Hearing Vulfpeck is like stepping into one of those lifts that plays funky music while you wait, except the music is performed live, and the lift is going to space.  On their second night at the fully packed O2 Academy in Brixton the Michigan-based funk outfit and their loyal fans – the vulfpack – well and truly brought the funk to London.

Kicking off with ‘Tee Time’, a punchy song with video-game-esque synths and a rapidly climbing tension, they drag the song out, bringing each member of the band forward in musical introduction.  There’s an electric confidence to each band-member, something which was no doubt sculpted during their years together at music school.  ‘Animal Spirits’ follows, with its frantic and intricate organ riffs and catchy lyrics, the crowd sporadically singing along to the more memorable hooks as and when they appear.

‘Daddy, He’s Got a Tesla’ follows, built on a fast-paced bassline, screechy saxophone and a strange but comical Mozart reference as its main hook.  It gives the band further opportunity to take turns in the limelight, displaying their command over their craft as multi-instrumentalists, all naturals in front of the packed-out auditorium.  Support act and long-term friend of the band, Joey Dosik returns to the stage, this time on saxophone (yet another multi-instrumentalist) to inject some punchy brass into the band’s performance.

A live debut of ‘Hero Town’ from the group’s 2017 record ‘Mr. Finish Line’ delivers some groovy saxophone work from the brass section and some liquid gold bass from Joe Dart’s magic fingers.  The lack of vocals here isn’t really an issue; the band are working their instruments hard enough, but they do say you can’t have too much of a good thing and, before long, Antwaun Stanley appears to enforce this point.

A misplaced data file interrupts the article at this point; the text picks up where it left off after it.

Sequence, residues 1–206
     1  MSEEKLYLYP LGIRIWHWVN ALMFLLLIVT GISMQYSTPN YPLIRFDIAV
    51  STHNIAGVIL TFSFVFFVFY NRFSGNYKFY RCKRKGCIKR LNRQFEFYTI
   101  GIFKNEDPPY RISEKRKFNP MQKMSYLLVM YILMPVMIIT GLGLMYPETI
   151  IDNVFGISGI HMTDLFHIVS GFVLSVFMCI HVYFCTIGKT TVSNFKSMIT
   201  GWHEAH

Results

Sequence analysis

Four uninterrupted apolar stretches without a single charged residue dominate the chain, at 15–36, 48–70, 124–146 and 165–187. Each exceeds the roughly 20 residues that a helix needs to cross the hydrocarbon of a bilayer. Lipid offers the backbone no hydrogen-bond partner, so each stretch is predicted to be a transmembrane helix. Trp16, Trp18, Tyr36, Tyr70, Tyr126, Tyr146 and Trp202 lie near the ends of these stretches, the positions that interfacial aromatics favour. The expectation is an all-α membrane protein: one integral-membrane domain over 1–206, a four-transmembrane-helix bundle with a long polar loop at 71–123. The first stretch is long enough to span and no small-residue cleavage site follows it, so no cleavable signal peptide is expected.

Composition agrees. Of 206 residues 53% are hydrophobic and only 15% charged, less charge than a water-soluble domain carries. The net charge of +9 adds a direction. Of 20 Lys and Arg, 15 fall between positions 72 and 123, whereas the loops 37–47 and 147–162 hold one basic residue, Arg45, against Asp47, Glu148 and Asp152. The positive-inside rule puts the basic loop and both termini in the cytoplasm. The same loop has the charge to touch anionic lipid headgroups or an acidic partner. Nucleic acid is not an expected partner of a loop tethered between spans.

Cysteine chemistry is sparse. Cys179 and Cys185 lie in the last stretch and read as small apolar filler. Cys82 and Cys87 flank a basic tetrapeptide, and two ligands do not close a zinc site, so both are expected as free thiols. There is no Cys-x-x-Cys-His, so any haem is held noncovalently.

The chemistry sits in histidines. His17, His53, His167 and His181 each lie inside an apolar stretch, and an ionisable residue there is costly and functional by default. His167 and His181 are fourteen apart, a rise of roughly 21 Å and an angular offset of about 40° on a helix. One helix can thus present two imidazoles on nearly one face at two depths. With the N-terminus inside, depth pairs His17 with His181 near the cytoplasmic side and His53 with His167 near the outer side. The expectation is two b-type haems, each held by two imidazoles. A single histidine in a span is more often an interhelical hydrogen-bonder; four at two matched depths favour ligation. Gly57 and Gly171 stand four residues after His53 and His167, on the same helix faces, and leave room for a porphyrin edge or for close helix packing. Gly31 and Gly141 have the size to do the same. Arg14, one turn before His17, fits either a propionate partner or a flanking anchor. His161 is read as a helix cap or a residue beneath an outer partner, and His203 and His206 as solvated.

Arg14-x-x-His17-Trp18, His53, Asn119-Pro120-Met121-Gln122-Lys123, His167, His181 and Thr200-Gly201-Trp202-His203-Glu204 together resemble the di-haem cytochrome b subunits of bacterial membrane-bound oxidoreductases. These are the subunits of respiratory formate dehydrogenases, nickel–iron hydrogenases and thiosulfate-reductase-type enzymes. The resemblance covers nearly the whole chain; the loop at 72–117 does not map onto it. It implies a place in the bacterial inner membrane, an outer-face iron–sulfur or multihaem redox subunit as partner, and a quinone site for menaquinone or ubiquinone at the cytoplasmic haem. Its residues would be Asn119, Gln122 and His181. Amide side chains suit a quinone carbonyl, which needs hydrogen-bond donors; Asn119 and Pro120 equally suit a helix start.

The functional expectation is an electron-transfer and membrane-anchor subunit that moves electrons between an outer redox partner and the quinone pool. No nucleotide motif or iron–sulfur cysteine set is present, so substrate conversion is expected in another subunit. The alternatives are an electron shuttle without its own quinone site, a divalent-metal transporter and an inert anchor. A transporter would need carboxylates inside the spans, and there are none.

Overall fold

Stanley’s powerful and excited vocals aren’t wasted, even on the songs as silly as ‘Funky Duck’, effortlessly flipping between silky falsettos and gravelly basslines he blurs the boundary between vocalist and instrumentalist.  The strange narratives and comical, complex mythology of the band come to life on stage; band leader Jack Stratton’s golden radio-voice delivering commercial-esque narratives and intermission pieces between songs.  Paired with the super-stylised and somewhat juvenile outfits donned by the band (namely Jack Stratton’s signature ‘soccer’ kit), this can make for a slightly surreal experience.

Jack Stratton takes an opportunity to once again do crowd interaction right, splitting the audience into three sections for a multi-layered harmony in fan-favourite ‘Back Pocket’.  This was just a warm-up for the already excited crowd, however, as the band decide that the 5th October isn’t too early for a Christmas song, launching into their festive number ‘Christmas in L.A.’  One fan gets a little more involved than the rest, however, m­anaging to snag himself an invite to play ‘Dean Town’ with the band, and his performance doesn’t disappoint, the crowd goes nuts for this mystery fan – making certain he won’t forget this night in a hurry.

A very brief encore is broken by a hushed acapella of ‘Birds of a Feather’, Antwaun Stanley returning on the stage and layering his delightful vocals with the whistles and funky riffs, creating a veritable trifle of musical goodness.  The band finish on ‘It Gets Funkier’, but not before all returning to the stage with beaming grins, bowing as if in a pantomime – a fitting send-off for a show brimming with entertainment, surprises and pure unadulterated funk.